Many suburbs want nothing to do with strip clubs and similar businesses so they employ several methods to discourage them:
Warren is running into something that has plagued businesses dealing in sex for decades. Local governments — and the officials elected to govern them — don’t want these businesses around, according to Judith Hanna, a professor at the University of Maryland.
Hanna has testified as an expert witness in more than 150 court cases involving sexually oriented businesses. She even wrote a book about her experiences…
The majority of the cases she testified for involve strip clubs, which Supreme Court rulings protect because of First Amendment rights…
Menelaos Triantafillou, a professor at the University of Cincinnati who teaches courses in planning and urban design, explains: “The only thing you can regulate is not the use itself,” he said, “but the specific location.”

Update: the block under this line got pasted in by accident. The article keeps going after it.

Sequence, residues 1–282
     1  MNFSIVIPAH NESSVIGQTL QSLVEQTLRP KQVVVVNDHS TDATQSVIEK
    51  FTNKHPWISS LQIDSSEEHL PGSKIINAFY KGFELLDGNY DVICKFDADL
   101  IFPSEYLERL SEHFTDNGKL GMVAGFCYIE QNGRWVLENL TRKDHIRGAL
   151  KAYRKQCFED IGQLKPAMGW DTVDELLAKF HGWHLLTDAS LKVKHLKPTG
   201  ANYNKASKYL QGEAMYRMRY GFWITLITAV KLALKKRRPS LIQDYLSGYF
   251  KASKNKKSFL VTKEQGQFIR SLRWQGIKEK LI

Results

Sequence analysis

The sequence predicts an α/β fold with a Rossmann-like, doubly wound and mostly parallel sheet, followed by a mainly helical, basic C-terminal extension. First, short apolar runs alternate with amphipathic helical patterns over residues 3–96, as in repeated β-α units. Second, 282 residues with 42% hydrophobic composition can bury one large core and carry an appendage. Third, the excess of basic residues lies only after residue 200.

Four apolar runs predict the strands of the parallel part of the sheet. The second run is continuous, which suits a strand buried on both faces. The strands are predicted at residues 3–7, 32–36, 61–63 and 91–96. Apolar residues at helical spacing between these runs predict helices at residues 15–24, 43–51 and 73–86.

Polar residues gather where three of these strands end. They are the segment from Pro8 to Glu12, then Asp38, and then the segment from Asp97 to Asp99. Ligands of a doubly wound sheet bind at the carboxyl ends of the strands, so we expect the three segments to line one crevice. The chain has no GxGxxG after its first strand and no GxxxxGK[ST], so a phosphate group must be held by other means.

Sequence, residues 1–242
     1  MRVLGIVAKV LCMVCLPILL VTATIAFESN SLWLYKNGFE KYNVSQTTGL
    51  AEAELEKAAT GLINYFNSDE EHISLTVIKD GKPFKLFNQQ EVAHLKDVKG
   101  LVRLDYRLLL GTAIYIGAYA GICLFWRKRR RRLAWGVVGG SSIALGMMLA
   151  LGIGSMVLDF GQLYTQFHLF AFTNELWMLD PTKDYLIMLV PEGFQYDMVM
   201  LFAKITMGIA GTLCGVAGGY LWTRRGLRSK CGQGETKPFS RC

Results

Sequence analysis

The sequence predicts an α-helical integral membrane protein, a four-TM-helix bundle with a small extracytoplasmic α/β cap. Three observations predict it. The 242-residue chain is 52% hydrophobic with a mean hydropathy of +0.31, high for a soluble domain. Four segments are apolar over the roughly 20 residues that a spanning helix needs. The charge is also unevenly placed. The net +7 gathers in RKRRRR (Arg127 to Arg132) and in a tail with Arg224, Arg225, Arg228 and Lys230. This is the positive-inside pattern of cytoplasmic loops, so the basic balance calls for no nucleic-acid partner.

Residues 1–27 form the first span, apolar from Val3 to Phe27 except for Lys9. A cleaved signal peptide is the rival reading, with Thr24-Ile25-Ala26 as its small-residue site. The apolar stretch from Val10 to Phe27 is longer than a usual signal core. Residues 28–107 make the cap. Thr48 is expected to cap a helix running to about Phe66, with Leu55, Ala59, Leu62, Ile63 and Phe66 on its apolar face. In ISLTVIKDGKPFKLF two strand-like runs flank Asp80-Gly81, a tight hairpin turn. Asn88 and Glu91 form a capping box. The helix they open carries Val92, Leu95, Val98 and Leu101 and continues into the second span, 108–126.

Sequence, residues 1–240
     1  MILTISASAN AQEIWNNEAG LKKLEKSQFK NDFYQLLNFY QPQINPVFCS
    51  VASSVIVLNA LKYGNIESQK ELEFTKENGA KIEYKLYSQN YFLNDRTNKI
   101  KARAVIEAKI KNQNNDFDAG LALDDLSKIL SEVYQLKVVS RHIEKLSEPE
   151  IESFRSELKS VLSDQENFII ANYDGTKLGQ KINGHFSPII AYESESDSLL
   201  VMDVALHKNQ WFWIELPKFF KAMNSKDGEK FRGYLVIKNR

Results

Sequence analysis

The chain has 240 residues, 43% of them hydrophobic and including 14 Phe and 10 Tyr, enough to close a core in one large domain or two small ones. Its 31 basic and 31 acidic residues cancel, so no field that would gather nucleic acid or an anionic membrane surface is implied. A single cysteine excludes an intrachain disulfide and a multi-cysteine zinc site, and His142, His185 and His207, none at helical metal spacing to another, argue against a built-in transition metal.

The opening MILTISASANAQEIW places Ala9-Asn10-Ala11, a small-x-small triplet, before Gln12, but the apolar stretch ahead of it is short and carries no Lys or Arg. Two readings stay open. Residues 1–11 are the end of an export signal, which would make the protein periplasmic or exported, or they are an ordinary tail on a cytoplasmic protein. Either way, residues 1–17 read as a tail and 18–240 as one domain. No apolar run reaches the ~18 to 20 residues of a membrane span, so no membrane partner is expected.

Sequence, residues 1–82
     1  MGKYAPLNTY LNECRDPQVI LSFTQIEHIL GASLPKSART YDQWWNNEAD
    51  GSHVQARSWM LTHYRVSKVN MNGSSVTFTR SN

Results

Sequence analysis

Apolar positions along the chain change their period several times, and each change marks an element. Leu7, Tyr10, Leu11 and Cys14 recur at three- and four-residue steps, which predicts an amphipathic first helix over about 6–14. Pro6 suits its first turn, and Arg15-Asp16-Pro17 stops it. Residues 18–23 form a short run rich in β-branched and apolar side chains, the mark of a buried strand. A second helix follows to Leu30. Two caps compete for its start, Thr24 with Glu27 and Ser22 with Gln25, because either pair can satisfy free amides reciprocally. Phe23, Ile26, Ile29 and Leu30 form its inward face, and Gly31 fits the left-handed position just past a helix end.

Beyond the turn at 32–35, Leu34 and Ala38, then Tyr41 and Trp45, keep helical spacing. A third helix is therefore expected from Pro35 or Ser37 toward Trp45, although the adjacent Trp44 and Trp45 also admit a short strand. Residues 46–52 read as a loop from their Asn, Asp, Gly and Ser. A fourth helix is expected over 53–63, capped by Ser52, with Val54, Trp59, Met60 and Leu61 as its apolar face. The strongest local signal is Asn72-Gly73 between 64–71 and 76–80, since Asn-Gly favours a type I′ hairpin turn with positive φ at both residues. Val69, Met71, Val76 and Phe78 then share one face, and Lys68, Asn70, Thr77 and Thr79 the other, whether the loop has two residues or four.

Local governments typically allow these businesses to exist in industrial areas. Restrictions are placed on how close they can be to other establishments such as schools and day cares.
In the particular case discussed in this article, the community is working hard to make a swingers club go away. But, it sounds like they are making it up as they go to appease voters as several local officials have privately supported the new business.
Perhaps an alternative strategy is in order. Zoning is a big deal in suburbs as they get to keep uses that limit endanger property values or a high quality of life away from single-family homes. But, zoning can only do so much. Yet, communities can make it clear that certain businesses are not welcome. While suburbs often welcome new businesses (they provide jobs, property tax revenue, perhaps sales tax revenue), couldn’t they also make it hard for the new business to make money? I’m thinking bad publicity, protests, no invitations to the local chamber of commerce and local events.
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